Common Single Audit Findings – Part 3: Reporting Deficiencies

two hands at a desk, one hand working on calculator, one hand pointing to paper with pencil

Nonprofits that undergo regular single audits subject to the Office of Management and Budget’s Uniform Guidance become quite familiar with the audit process. These organizations dutifully fulfill their audit obligations, always hopeful that auditors will have only positive findings and full compliance to report. But despite best efforts, some audits will inevitably include findings for which a corrective action plan is required.

When auditors uncover issues of concern, they typically fall into one of four common areas: allowable costs; procurement, suspension and debarment; reporting; and sub-recipient monitoring. Previous HBP blog articles have examined the first two problem areas; in the third of our four-part series on common audit findings we will explore compliance issues around reporting requirements.

Full compliance with reporting requirements can be a confusing challenge for nonprofit leaders, as the rules can vary across specific grants, programs and/or clusters of programs. To avoid audit findings related to reporting, nonprofit leaders should attend carefully to the various reports that may be required as well as their due dates. For each grant or program, an organization may need to complete up to three different types of reports:

  • Financial reports
  • Performance reports
  • Special reports

Financial Reports

The annual audit itself is one of the prime financial reporting requirements for nonprofits. In addition, many organizations must complete a Federal Financial Report (FFR) for one or more grants and/or programs. The FFR includes information about cash receipts and disbursements, Federal expenditures and other detailed financial information describing the financial activities surrounding individual grants and the programs they support. Each grant agreement will include information that determines whether the organization is required to complete an FFR.

Two other common financial reports are required only in certain circumstances:

Performance Reports

Recipients of federal grants must perform ongoing monitoring and reporting on the performance of programs, activities and functions that involve grant funds. In each report, organizations should compare measurements of actual accomplishment to the program or grant qualification’s stated objectives. If the organization did not meet established goals, the report must explain why.

Cost computations for accomplishment as well as performance trend data and analysis should also be included in performance reports. Additional reporting information may include a listing of significant developments related to programs or activities, explanations of any delays or difficulties in achieving established goals and a detailed explanation regarding any cost overruns.

Special Reports

Special reporting includes a variety of less-common reports that may be required for particular grants or programs. As with standard reporting requirements, a grantee’s obligation to meet special reporting requirements, if there is one, will be included in grant documentations.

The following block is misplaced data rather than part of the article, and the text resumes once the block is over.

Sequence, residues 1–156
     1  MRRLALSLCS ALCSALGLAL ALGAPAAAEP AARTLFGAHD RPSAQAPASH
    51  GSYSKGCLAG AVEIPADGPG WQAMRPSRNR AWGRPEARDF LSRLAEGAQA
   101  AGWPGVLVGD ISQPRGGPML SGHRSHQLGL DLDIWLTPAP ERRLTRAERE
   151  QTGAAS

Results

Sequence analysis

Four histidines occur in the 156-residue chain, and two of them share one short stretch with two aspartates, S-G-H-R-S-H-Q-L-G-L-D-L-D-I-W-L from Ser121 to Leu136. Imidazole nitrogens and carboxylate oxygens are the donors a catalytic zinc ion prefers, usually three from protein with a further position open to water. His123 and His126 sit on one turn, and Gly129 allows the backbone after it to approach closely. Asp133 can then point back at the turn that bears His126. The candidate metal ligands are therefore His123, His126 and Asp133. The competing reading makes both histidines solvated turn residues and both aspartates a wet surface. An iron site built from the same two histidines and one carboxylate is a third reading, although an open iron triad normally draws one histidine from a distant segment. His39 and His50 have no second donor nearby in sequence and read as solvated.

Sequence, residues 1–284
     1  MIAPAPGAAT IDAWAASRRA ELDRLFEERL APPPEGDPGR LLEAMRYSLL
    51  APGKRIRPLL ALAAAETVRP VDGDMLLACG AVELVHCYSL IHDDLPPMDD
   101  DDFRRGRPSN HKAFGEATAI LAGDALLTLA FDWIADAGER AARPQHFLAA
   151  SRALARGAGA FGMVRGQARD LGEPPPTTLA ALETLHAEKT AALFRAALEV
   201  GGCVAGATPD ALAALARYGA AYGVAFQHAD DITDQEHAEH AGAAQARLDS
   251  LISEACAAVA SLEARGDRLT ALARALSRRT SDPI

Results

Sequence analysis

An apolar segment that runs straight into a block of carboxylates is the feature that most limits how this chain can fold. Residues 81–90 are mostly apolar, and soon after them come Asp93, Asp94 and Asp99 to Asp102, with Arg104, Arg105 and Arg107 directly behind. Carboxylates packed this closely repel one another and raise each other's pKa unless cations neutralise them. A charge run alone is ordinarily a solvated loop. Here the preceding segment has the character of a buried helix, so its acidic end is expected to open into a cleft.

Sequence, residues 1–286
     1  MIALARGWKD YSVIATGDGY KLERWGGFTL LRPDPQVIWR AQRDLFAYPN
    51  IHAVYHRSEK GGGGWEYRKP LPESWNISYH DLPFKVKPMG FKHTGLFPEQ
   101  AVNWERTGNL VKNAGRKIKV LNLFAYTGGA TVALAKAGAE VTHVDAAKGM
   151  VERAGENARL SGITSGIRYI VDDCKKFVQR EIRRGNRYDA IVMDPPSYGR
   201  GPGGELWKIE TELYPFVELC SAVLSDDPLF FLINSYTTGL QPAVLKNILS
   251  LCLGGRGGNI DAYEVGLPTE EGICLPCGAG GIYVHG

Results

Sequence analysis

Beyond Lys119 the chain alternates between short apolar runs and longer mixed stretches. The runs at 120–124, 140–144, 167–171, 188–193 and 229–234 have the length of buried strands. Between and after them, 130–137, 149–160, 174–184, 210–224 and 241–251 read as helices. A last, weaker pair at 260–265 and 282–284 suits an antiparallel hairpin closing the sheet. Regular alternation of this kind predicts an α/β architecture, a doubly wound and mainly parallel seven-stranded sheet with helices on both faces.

Compliance Strategies

Many federal grant programs share a common set of reporting requirements, which appear in the latest version of the compliance supplement published by the Office of Management and Budget. However, some grants and granting agencies deviate from these standards or include additional reporting requirements. To fulfill all reporting obligations, it is critically important for nonprofit leaders to read and thoroughly understand the entire grant agreement for all grants received.

Failure to meet reporting deadlines is a frequent stumbling block that can create problems for nonprofits, including penalties and losing access to key funding sources. One of the most common pitfalls is an assumption that a due date of 30 days (or 90 days) following a particular date or event is equivalent to one (or three) months after the date or event in question. While the substitution may work as expected over some time periods, it will not always result in timely filings. When calculating due dates, nonprofits should establish the actual date based on calendar days rather than estimations that assume months represent uniform 30-day periods.

In addition to reading and closely following reporting requirements as laid out in each grant agreement, nonprofits can protect themselves from charges of untimely reporting by taking screenshots of confirmations for online submissions and retaining these images as evidence that the reporting was completed as required.

Nonprofit reporting is neither simple nor easy, but performing this ongoing task correctly is an absolute necessity if the organization is to maintain grant funding and remain in compliance with federal law. The nonprofit specialists at HBP are your go-to resource for answers and support with nonprofit reporting, compliance and all other aspects of your organization’s continued growth and success.

Written by Allison Griesbach, Senior Accountant